Is 3M Still A Bargain?

|
About: 3M Company (MMM)
by: Aristofanis Papadatos
Summary

3M has paid a dividend for 100 consecutive years and has raised its dividend for 59 consecutive years.

It has grown consistently and has outperformed S&P in almost any time horizon one can check out.

On the other hand, it currently has a lofty valuation while its management rewards itself with an excessive number of shares.

3M (NYSE:MMM) has been enjoying a remarkable rally this year and has been posting new all-time highs for months. It has also outperformed the market by a wide margin. Nevertheless, while the performance of this stock has been spectacular, it is reasonable to wonder whether the stock remains a bargain or the easy money has been made.

First of all, 3M has outperformed the S&P 500 (NYSEARCA:SPY) by a wide margin in almost any time horizon one can check out. To be sure, the company has outperformed S&P 500 during the last 5 years (136% vs. 81%), 2 years (32% vs. 17%) and one year (21% vs. 15%). In addition, 3M has paid a dividend for 100 consecutive years and has raised its dividend for 59 consecutive years. Moreover, it has doubled its dividend during the last 5 years. This exceptional record confirms that the company is very well-managed while it advances in a reliable growth trajectory.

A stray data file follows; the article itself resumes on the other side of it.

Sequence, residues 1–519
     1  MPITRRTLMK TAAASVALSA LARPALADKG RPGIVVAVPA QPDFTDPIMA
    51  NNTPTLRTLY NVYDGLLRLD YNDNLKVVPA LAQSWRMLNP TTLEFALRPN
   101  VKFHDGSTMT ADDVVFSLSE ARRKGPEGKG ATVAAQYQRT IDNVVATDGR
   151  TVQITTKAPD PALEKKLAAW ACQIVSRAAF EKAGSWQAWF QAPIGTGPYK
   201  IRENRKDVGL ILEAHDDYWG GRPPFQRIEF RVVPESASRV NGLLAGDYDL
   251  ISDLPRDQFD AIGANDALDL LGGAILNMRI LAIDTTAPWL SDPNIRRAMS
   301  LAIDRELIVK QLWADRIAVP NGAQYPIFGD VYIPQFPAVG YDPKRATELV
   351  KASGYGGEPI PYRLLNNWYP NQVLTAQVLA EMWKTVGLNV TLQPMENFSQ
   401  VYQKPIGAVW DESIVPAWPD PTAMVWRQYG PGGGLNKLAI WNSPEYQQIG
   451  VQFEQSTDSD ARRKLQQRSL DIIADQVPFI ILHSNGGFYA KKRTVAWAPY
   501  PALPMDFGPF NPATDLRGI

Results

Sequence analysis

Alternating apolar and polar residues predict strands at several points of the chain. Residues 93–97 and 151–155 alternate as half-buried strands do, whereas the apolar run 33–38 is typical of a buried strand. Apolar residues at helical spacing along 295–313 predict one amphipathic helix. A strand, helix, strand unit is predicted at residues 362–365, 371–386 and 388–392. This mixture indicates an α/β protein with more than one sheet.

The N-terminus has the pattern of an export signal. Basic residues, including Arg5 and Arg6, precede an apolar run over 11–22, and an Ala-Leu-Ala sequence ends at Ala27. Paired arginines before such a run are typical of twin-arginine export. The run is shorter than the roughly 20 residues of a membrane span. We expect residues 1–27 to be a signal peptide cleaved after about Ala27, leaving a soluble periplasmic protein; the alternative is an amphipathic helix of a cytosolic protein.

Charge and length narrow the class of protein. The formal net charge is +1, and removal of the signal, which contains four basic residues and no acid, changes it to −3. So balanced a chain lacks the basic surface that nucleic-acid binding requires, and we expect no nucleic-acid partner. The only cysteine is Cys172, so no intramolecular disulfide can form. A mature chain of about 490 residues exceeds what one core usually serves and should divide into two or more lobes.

Even better, the company does not rest on its laurels. More specifically, it is planning to invest about $1.8B in R&D this year to support its organic growth. It is also remarkable that it has been able to achieve ample free cash flows despite its generous spending on R&D. To be sure, during the last 3 years, the company has achieved approximate free cash flows of $5B per year while its free cash flows have amounted to about 80% of the operating cash flows. To make a long story short, most of the earnings are not lost in the maintenance of the business but instead they are available for shareholder distributions.

It is also worth noting that 3M returned to its growth trajectory in Q1, after two years of slightly declining revenues. The company increased both its sales and its earnings by 3.7% over last year. Moreover, thanks to its share repurchases, its earnings per share [EPS] rose at a somewhat higher pace, i.e., 5.4%.